'Tis the season to spend with folly.
Americans are expected to plunk down an average of $816 on holiday gifts this year, according to a new survey from Roper Starch and Intuit, a maker of financial software
And they will likely spend $100 more than they expected. But you can make sure the debt doesn't hang around longer than the tinsel.
Figure out what you have to spend - either from savings or what's left over after the November and December bills have been paid. Then "make a list of the names of the people you are going to buy for and determine how much you are willing to spend on each person," advises Cleveland financial planner Karen Spero. Stick to the list. It keeps you out of debt and away from impulse purchases.
If your list totals more than you have available, don't reach for the credit cards. Grab a pencil and cut back. It's not a hallmark of generosity to get yourself in trouble.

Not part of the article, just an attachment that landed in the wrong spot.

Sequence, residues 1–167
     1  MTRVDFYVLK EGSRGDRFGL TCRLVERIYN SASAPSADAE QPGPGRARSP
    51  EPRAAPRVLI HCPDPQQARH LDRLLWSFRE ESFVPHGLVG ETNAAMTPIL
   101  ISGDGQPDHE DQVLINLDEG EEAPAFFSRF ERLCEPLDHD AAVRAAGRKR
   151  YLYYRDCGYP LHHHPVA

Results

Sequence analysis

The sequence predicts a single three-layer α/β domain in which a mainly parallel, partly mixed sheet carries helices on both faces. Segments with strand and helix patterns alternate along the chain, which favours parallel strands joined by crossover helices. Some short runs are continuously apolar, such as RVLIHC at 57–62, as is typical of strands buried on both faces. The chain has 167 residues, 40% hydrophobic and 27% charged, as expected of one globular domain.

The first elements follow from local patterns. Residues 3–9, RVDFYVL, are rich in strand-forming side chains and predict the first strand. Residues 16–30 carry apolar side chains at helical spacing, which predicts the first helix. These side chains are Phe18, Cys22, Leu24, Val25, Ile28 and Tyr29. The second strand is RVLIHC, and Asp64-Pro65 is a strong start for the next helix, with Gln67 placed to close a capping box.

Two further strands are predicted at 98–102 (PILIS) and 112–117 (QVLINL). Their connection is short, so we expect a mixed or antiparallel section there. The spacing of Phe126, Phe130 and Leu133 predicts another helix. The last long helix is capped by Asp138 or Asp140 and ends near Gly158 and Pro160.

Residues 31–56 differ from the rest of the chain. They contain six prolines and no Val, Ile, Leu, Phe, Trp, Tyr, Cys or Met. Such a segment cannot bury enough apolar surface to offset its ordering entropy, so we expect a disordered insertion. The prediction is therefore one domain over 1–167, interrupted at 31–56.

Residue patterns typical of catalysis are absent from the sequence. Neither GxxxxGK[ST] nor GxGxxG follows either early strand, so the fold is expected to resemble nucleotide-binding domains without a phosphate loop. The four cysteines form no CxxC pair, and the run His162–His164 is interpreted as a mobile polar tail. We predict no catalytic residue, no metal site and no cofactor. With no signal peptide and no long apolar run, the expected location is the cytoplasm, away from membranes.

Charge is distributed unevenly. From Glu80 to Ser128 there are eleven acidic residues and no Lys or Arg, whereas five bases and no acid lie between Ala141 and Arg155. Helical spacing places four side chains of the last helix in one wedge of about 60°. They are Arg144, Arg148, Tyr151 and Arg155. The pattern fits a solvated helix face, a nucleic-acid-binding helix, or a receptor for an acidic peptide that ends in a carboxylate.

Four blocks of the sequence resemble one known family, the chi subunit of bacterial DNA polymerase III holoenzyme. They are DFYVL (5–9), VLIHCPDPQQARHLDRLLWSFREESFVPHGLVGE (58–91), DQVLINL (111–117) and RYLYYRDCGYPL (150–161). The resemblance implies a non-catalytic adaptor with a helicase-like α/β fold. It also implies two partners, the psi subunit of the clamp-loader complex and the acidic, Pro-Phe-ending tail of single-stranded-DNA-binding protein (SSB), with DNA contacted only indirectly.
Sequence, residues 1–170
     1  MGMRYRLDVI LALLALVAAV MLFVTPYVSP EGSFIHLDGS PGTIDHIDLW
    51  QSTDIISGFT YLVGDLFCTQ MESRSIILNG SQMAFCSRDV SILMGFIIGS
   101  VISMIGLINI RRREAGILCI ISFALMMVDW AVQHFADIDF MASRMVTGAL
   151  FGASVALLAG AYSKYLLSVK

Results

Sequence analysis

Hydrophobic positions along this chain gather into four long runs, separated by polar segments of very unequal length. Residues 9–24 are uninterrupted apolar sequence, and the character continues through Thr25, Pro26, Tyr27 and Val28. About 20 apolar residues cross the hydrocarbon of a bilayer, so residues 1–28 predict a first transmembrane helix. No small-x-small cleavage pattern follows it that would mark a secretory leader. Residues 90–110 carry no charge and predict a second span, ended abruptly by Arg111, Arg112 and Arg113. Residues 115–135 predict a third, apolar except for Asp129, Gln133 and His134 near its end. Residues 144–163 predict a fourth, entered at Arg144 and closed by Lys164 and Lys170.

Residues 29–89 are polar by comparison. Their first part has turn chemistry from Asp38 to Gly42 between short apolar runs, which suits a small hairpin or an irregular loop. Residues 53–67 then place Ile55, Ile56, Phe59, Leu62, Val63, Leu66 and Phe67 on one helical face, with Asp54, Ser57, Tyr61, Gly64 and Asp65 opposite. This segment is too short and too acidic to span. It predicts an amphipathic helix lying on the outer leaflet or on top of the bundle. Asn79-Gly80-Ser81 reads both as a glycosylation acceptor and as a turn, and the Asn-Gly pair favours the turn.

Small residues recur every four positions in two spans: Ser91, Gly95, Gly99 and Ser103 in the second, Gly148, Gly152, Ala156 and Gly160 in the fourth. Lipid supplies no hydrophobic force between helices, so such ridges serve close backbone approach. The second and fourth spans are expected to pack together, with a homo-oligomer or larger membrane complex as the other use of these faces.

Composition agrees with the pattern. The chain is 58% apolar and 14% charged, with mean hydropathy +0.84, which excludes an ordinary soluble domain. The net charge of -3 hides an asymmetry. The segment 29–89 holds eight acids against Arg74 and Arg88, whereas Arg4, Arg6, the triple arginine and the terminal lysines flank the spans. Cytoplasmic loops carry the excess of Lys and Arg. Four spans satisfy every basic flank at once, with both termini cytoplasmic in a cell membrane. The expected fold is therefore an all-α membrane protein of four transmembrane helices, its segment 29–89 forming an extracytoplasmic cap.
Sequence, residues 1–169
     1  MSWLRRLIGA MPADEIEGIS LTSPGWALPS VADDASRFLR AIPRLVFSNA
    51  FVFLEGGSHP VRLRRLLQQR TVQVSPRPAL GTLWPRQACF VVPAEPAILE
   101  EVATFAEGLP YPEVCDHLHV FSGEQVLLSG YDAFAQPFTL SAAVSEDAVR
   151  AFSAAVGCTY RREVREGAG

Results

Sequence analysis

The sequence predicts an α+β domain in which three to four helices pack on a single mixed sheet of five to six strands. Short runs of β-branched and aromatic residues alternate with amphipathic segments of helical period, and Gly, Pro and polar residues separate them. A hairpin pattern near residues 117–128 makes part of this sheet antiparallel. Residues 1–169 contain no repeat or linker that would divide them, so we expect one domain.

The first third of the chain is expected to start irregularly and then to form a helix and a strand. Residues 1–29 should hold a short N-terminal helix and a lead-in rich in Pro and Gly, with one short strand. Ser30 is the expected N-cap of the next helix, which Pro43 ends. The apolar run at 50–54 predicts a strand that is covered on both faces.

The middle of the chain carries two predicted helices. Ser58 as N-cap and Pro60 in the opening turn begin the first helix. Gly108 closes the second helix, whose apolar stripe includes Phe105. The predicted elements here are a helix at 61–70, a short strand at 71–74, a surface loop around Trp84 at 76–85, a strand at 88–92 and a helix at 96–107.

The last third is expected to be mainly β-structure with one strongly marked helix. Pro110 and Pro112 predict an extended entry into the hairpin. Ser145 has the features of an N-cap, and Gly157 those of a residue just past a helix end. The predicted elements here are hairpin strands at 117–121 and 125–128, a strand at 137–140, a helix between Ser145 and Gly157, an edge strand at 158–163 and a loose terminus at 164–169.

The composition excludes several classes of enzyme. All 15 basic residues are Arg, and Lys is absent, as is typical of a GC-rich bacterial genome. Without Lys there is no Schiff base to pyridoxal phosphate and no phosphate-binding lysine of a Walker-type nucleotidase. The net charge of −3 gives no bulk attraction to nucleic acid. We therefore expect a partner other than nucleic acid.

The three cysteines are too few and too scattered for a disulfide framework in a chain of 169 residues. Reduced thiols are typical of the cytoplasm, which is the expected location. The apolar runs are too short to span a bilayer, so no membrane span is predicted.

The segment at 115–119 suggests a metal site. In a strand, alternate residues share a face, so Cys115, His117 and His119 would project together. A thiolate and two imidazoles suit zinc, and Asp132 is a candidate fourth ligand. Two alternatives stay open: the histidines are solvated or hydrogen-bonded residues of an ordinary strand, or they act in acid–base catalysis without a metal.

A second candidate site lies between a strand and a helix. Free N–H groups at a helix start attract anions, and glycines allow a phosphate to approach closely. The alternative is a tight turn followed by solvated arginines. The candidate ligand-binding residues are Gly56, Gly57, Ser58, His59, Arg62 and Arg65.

Dennis Filangeri, a financial planner in Metairie, La., actually recommends paying with a credit card - with the "proviso that when you get the bill at the end of the month, you pay it." He says many stores now offer cards with extended grace periods, allowing shoppers to wait as long as six months before paying. Again, pay it off just before the due date to avoid costly interest charges.
Or you can avoid the malls altogether. Shop with catalogs or on the Internet. "They're a lot more convenient than bucking the crowds," says longtime financial expert Marshall Loeb, and a way to avoid getting caught in the euphoria of the moment.
Of course, giving needn't mean shopping. "Homemade gifts probably express the sentiments of the season better than the store-bought ones," Mr. Filangeri says.
If you've already overspent, plan for next year. January bills will show how much you spent. Divide by 12; start saving.